But why should we accept the free market solution as the default? Jay has written on this for many years. My sense is that his position is as much philosophical as empirical, or is at least rooted in evidence about free markets in general as opposed to specific studies related to education. In contrast, my sense from Neerav Kingsland and others favoring more regulation is that they came to this conclusion based on personal experience and evidence about the effects of the reforms. (I'm speculating a bit here and will be interested to see their responses on this point.)

New Orleans figures prominently in this because Neerav was deeply engaged in school reforms here for many years. The New Orleans charter model--a form of the portfolio management approach to school regulation--has arguably the most intense regulation and the strongest supporting evidence of any reform-minded city in the country. Since the New Orleans model seems to have generated such large academic gains, it's not surprising that those in the New Orleans branch of the reform family (Neerav as well as Macke Raymond) tend to view regulation more positively.

I was a little surprised, however, that Neerav ended his last post with the title "The [Reform] Family Is Not Too Far Apart." While I agree with most of the main text of his post, this title seems off. Consider these contrasting quotes: Jay ends one of this posts with "I'm pretty confident that the high regulation strategy being pursued in LA and New Orleans is a really bad idea." Neerav, in contrast, writes "I'm open (but not very confident) that a more deregulated voucher system could lead to even better results in New Orleans and elsewhere." That's a reasoned and measured response, but it doesn't sound like agreement. It sounds like the part of the holiday dinner table conversation where people get tired of disagreeing and instead sit down to watch the football game.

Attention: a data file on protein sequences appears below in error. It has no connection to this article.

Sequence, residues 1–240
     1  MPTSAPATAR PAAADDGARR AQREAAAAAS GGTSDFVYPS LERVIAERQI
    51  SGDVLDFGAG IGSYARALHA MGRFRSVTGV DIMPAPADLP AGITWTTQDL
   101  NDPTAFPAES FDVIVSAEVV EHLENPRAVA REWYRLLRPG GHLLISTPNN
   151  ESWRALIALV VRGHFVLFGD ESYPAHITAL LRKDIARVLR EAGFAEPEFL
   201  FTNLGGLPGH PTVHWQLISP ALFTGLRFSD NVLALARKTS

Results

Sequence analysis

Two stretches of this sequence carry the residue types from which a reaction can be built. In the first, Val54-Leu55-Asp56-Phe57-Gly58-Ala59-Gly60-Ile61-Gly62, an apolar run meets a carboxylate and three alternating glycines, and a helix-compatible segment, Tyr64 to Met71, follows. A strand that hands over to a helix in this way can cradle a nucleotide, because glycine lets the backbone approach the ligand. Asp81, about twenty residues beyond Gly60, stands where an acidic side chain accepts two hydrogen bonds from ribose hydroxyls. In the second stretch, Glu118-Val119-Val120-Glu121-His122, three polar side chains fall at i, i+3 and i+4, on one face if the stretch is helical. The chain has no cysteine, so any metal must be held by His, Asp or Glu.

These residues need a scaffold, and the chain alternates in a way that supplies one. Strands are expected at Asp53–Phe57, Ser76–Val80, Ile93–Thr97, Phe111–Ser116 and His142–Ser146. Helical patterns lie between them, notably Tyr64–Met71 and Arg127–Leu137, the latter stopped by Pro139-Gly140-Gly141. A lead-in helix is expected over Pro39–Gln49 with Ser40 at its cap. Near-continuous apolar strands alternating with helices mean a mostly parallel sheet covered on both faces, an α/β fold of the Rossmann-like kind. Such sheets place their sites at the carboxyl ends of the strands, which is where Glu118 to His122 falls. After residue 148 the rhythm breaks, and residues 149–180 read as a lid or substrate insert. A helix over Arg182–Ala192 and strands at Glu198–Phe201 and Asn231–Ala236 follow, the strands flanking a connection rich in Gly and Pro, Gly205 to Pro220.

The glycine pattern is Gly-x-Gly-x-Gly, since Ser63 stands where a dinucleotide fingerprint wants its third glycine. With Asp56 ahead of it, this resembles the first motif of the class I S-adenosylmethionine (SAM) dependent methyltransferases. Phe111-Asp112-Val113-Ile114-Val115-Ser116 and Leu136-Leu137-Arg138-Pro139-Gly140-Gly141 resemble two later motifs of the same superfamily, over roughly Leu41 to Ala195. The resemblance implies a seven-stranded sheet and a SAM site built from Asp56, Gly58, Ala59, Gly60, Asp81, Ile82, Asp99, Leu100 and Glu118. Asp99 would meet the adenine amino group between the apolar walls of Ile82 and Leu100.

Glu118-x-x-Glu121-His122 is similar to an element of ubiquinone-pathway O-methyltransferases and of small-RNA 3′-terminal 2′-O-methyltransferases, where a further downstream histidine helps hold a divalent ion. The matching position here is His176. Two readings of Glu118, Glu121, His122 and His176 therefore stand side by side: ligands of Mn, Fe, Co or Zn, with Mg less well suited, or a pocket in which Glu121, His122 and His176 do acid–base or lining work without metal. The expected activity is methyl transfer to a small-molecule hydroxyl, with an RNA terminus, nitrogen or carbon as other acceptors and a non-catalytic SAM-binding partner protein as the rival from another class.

It's good to keep peace in the family, but the disagreements often linger. And this debate about regulation is at the core of the debate about charter versus voucher strategies, as well as the larger role of government in all aspects of public education. That debate is also going to get a lot more interesting as we prepare to release a series of studies on vouchers after the new year. At that point, we'll have the first head-to-head comparison of charter and voucher regulation in one place.

There's much more to the recent back-and-forth than what I've covered here. In the next post, I'm going to argue that, when considering the effects on the supply of alternative schooling options, the regulation debate needs to be different and separate for charters and vouchers. Then, I'll write about the evidence on how test scores figure into the regulatory conversation, which all of the above writers have been talking about.

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The opinions expressed in Urban Education: Lessons From New Orleans are strictly those of the author(s) and do not reflect the opinions or endorsement of Editorial Projects in Education, or any of its publications.